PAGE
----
Fry Lodge Creativity

Half days of school all week means lots of extra time at home to do all kinds of things. We started the afternoon with logo design for our upcoming summer ProjectWA road trip. Ruby was particularly interested in this assignment. We like her design so much, we’re considering using it for our official ProjectWA tee shirts. I think Ruby has a future in graphic design.

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This afternoon, we moved on to Henry’s science homework, which involved creating a device that would count 60 seconds consistently. Henry and Kristine took on this assignment, using sand from the beach, a funnel and a plastic bottle. After several attempts, they determined the exact amount of sand that would take 60 seconds to fill up the bottle. Well done, Fry Lodge engineers.

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Longest Bedtime Story While Child Sleeps

Grandma and Grandpa Eiting gave Henry the 2016 Guinness Book of World Records for his birthday. Tonight at bedtime Henry asked if I’d read out loud from that book instead of Percy Jackson. No problem. I became totally engrossed in this fascinating book, amazed by some of these crazy records. The longest bicycle wheelie in one hour is 15.04 miles, by the way. I was so into the book, I didn’t notice that Henry fell asleep almost immediately. I was reading out loud, to myself, for at least 20 minutes.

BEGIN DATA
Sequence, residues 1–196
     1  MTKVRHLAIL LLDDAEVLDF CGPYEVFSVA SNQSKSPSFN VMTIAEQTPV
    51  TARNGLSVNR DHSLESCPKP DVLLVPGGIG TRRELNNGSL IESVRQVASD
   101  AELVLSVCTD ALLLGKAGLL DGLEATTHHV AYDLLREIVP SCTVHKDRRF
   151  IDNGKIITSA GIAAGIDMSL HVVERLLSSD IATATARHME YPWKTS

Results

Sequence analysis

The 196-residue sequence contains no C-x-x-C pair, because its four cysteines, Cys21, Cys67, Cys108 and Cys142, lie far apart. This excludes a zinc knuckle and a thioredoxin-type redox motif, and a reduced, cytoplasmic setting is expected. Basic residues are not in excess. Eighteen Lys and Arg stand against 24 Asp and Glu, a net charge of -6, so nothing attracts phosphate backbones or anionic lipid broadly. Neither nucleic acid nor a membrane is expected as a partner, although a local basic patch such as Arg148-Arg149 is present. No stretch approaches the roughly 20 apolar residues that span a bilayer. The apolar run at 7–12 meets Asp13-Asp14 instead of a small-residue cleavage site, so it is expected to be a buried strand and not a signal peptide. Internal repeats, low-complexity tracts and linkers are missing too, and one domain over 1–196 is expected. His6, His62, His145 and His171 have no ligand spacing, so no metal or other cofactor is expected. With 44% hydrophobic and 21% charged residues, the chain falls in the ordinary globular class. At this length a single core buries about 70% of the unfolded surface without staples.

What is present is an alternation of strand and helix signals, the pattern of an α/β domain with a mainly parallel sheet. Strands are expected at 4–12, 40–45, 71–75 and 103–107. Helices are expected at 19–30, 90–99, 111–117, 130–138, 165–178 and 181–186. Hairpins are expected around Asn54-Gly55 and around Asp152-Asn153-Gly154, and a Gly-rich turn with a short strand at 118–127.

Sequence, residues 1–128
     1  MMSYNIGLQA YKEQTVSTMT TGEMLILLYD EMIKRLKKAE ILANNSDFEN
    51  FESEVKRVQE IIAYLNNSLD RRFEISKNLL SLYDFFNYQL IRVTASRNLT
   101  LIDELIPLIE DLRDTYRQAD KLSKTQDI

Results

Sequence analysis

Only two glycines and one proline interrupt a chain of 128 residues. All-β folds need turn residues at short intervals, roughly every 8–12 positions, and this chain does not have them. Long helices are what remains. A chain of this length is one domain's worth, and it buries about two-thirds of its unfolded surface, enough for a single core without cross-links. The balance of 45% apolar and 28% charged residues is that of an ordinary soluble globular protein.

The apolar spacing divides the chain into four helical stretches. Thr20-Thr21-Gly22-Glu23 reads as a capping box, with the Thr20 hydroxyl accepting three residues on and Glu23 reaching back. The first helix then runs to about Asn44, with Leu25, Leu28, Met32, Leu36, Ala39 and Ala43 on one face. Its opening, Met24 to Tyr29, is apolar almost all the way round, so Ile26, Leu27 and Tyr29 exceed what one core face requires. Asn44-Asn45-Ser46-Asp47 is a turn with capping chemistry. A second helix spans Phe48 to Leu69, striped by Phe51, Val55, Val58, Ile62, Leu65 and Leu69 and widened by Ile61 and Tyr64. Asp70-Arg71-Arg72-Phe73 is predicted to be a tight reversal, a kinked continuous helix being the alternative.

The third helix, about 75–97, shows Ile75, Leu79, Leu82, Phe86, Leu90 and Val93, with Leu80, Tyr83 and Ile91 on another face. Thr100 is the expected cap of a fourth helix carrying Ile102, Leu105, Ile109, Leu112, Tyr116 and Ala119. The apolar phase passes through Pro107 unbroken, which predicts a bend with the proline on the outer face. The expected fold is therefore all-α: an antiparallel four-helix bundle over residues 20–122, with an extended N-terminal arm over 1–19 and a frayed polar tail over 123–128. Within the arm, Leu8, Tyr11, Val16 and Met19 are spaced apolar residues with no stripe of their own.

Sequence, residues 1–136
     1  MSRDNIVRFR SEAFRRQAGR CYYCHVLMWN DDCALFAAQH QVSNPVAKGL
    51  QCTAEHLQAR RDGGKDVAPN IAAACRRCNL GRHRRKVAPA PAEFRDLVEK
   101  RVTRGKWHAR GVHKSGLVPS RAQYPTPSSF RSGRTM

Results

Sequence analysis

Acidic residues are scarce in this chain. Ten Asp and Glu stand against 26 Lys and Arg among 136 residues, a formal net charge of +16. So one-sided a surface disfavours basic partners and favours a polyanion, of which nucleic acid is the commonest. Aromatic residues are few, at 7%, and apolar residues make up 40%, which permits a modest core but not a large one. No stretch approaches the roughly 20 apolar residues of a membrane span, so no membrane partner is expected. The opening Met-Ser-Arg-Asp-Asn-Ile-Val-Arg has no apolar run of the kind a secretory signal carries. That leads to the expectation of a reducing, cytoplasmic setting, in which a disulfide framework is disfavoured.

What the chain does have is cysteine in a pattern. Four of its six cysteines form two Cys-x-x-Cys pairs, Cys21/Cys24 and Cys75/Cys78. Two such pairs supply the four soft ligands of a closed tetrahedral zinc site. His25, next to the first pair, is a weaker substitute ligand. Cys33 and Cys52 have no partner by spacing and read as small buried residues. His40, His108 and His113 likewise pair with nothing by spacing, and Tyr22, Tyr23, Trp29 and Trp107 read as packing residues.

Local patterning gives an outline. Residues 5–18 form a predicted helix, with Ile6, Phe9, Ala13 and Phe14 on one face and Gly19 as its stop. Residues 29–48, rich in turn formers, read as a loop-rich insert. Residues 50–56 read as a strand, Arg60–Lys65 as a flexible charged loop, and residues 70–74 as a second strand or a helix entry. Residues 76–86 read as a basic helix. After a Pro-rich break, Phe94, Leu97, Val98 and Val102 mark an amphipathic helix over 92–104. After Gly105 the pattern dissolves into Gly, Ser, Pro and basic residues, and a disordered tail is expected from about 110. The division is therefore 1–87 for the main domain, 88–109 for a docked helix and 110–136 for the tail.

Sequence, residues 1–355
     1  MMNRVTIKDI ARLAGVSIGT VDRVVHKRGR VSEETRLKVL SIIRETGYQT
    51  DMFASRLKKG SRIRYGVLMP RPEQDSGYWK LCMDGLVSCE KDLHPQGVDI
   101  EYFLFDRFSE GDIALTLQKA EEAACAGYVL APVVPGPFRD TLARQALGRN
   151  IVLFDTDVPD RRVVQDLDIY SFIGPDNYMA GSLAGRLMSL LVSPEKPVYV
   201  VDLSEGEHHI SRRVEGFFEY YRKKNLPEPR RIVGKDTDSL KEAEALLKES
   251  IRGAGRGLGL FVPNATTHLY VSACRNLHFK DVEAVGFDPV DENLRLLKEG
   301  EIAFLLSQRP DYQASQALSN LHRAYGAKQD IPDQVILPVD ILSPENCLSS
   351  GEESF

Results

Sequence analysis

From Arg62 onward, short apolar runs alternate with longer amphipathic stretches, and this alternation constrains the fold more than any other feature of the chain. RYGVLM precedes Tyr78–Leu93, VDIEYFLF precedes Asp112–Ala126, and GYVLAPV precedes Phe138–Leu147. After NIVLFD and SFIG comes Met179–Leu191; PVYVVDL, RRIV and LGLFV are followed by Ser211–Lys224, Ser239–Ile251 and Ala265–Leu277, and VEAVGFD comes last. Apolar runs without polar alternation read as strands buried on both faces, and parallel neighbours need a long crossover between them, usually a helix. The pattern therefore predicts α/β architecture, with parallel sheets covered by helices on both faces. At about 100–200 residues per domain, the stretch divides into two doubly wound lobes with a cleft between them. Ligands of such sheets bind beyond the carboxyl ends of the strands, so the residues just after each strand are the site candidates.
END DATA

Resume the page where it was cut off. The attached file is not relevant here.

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Number 9

Fry Lodge hosted nine of Henry’s friends for his ninth birthday party today. Big success – complete with capture the flag, foursquare, cupcakes and corndogs from Tommer. One of Henry’s sweetest gifts was this homemade sign from his buddy Silas – hand painted and milled from a Lopez Douglas fir. Happy almost ninth birthday, sweet Henry.

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No Good Deed Goes Unpunished

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We had a bit of a bumpy start at Fry Lodge today. Damage report: one bruised head, a downed fence, and two lost kayaks. Henry will be totally fine – His bandage makes his injury look worse than it is. We’ll repair the fence. And, the kayaks have been recovered.

It all started when Ruby woke me up at 6:30 this morning by saying, “Dad, the boat’s in the water.” That’s normally not a cause for alarm. Unless your boat isn’t supposed to be in the water, which was the case with our boat. High winds and an extra high tide had dislodged Emotional Rescue III from the beach. Knowing our boat was tied up, I wasn’t too concerned. Until I realized that our kayaks were not tied up. And, they no longer were anchored by being full of water – thanks to the work Henry and I did last weekend. No good deed goes unpunished. I shot out of bed to look out the window. The kayaks were nowhere in sight. Damnit.